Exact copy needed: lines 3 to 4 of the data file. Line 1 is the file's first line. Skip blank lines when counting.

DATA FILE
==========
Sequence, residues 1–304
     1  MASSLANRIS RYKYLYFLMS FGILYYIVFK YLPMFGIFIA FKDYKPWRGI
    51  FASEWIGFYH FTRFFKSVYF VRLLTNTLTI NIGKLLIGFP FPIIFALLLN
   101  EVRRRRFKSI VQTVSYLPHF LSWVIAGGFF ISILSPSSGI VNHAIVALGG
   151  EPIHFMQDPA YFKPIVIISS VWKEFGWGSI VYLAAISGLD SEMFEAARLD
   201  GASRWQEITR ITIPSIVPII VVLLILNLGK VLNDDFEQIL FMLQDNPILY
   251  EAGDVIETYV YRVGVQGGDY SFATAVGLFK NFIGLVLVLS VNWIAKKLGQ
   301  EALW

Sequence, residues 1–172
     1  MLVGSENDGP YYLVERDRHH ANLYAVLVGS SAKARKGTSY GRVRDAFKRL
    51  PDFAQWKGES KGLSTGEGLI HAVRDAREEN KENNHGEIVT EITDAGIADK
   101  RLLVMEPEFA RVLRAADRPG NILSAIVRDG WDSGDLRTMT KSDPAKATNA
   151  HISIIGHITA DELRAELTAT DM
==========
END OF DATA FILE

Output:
    51  FASEWIGFYH FTRFFKSVYF VRLLTNTLTI NIGKLLIGFP FPIIFALLLN
   101  EVRRRRFKSI VQTVSYLPHF LSWVIAGGFF ISILSPSSGI VNHAIVALGG